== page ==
Michigan coach Mark Rosen may not be working at Baskin Robbins, but he is hard at work adding new flavors to his offense for freshman setter Lexi Dannemiller.

“We are still running a very vanilla offense,” Rosen said. “It’s starting to get a little chocolate swirl, but we need to get to the point where it’s got whipped cream and a cherry and the whole bit. We are a long way from that, but we’re getting there.

“We are confident that we can probably be successful this weekend with the stuff we’re running, but we are going to need to have more tricks in our bag to compete in two weeks at the Big Ten level.”

While Rosen’s metaphors may be strange and may bring about a hankering for something sweet, his logic holds true. Dannemiller’s ability to spread the offense has been a cornerstone to Michigan’s success this year. Rosen simply knows that Dannemiller is going to have to become more creative with her sets to compete in the upcoming weeks.

His veteran women’s volleyball team has proven that it is capable of executing complex offenses under three-time All American Lexi Zimmerman. Big Ten Athlete of the Week Dannemiller will have to step up the flavor of this Wolverine sundae. But for now, as Rosen often says, “It’s a work in progress.”

Coming off their Dayton Flyers Classic victory, the 18th-ranked Wolverines are preparing for the Michigan/Adidas Invitational in Ann Arbor this weekend. Michigan will face Toledo and Xavier on Friday, and Texas A&M on Saturday.

Each team will bring its own unique challenges. Xavier plays a fast game that may prove difficult to contain. Texas A&M is the only other team in the tournament with an undefeated record. And Toledo has shown an aptitude for kills despite its losing record, which indicates that the Rockets are capable of going on major runs. Toledo was also one of the few teams to beat Michigan last year.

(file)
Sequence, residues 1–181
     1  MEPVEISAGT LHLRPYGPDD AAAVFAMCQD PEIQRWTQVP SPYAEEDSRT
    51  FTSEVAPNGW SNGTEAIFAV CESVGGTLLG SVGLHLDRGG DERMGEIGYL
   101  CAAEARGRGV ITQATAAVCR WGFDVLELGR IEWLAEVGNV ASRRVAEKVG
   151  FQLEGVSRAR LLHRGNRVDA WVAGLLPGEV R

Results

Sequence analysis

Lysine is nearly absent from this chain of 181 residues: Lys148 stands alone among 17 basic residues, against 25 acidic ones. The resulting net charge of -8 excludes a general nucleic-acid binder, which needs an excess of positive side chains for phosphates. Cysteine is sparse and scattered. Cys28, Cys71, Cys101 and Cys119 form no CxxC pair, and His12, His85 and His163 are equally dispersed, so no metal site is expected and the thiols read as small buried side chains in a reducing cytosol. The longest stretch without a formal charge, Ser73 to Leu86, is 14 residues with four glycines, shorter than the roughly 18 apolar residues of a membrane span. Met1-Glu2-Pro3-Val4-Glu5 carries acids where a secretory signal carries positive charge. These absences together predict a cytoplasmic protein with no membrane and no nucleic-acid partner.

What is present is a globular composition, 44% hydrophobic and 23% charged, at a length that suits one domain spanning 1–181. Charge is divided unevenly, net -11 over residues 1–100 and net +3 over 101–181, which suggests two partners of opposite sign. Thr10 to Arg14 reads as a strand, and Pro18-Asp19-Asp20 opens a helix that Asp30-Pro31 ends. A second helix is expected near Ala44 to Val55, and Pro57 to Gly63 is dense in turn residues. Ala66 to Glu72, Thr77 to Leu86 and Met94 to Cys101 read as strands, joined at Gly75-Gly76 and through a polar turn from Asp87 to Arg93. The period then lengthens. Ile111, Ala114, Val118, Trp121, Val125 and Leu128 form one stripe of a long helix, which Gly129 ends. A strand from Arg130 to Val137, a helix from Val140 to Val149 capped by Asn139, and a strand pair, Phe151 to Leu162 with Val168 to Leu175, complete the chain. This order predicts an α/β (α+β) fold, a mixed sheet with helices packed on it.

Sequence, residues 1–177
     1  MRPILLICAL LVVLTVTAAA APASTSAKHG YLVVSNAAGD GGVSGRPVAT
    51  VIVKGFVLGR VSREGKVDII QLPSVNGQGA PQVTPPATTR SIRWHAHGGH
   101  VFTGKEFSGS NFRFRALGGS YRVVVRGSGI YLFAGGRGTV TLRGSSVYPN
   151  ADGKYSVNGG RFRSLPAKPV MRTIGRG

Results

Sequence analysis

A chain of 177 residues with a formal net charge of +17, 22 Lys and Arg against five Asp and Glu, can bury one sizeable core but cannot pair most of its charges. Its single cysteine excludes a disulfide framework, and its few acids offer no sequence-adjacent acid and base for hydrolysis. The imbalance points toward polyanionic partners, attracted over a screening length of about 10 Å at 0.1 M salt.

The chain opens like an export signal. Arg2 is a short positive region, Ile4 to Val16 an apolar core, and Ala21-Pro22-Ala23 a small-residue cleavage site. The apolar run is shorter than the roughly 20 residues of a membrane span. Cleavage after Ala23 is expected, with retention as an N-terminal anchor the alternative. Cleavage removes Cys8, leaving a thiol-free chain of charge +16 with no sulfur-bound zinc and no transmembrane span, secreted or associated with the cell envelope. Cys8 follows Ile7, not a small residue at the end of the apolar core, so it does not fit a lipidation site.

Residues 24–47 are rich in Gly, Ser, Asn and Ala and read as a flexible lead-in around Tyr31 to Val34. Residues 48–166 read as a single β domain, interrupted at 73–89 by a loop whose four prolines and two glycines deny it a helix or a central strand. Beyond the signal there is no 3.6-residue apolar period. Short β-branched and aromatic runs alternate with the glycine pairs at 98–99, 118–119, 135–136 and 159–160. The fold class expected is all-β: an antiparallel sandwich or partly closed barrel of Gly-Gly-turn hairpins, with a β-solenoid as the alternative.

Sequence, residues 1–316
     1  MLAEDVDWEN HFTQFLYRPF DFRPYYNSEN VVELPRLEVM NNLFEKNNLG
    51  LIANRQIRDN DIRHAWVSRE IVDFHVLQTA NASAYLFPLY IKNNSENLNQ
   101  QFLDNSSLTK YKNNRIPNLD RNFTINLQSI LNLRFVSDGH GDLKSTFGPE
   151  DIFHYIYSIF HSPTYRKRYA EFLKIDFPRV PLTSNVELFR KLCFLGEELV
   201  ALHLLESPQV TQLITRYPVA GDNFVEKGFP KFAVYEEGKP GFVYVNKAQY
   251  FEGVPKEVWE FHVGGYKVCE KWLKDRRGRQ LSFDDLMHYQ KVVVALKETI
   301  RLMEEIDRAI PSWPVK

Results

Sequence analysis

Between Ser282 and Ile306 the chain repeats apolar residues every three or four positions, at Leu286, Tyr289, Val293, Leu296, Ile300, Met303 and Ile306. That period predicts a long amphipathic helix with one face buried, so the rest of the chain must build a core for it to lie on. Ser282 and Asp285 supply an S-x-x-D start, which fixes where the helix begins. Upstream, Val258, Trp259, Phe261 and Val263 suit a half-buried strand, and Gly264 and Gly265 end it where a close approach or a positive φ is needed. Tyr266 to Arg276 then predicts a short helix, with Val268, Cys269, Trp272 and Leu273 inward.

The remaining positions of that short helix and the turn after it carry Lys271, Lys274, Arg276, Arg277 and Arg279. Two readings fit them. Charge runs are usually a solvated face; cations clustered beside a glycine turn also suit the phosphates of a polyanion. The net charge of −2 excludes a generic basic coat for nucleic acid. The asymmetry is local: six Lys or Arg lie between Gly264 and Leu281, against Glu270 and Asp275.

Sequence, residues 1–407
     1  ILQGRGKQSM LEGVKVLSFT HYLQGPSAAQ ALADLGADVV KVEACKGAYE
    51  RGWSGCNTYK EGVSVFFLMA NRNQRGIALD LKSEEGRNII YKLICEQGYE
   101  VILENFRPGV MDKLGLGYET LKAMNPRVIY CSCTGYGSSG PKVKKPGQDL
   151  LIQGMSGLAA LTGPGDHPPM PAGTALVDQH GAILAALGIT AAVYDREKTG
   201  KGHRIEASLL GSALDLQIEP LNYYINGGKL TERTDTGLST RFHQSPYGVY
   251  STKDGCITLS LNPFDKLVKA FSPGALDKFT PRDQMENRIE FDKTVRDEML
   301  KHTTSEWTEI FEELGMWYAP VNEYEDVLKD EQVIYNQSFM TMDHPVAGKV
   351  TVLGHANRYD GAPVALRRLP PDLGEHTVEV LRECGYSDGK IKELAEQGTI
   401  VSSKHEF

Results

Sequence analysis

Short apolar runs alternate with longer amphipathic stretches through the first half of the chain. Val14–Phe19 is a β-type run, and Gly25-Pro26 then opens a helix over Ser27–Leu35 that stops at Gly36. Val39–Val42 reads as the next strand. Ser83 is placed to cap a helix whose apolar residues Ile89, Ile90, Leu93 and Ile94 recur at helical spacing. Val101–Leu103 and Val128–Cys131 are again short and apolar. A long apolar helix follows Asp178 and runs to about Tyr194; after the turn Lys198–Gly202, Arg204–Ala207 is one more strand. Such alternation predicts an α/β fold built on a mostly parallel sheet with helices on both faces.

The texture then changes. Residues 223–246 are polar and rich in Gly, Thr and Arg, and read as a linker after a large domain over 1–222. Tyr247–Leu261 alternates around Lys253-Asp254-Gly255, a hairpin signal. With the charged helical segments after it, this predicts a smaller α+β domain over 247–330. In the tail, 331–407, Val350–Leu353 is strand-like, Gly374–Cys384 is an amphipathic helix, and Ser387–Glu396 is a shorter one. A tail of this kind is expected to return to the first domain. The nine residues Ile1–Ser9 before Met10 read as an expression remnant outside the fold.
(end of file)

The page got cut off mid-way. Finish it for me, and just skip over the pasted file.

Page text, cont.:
Being the last tournament of the preseason, the Wolverines will look to make the final adjustments to Dannemiller’s game, specifically how she weaves middle blockers sophomore Jennifer Cross and senior Courtney Fletcher into the offense.

The job of the middle blocker is multi-faceted and is integral to both the offensive and defensive sides of the net. The main responsibility, though, is in the name — blocking, a skill Michigan has been looking to improve since the start of the season.

“Jen and I take a lot of pride in our blocking,” Fletcher said. “It’s definitely not our best skill, it never has been. But before every match we look at each other and say, ‘We are going to go block some balls.’ We also just adopted swing blocking, and while it was a little rough in the beginning of the season, I thought last weekend was the best it’s been so far, and it will continue to get better.”

Added Cross: “No one wants to be a middle blocker. We’re constantly going from pin to pin. It’s a hard job, but somebody’s got to do it.”

Cross and Fletcher also share the same favorite kill spot — a complex set they call an “A.” It’s a set in which the setter fakes to the outside, getting the blockers in motion, before setting it behind her head for the middle blocker to, as Cross says, “Take that ball to pound town.”

Both middle blockers are waiting for Dannemiller to perfect this play, but they are confident it will come in time. No one can be sure what this is all going to amount to, but it is clear that Rosen has a definitive picture in his mind. For now, it would appear that he has a strong base and all the toppings to make this a delicious season, though only time will tell.

Leave a comment

Your email address will not be published.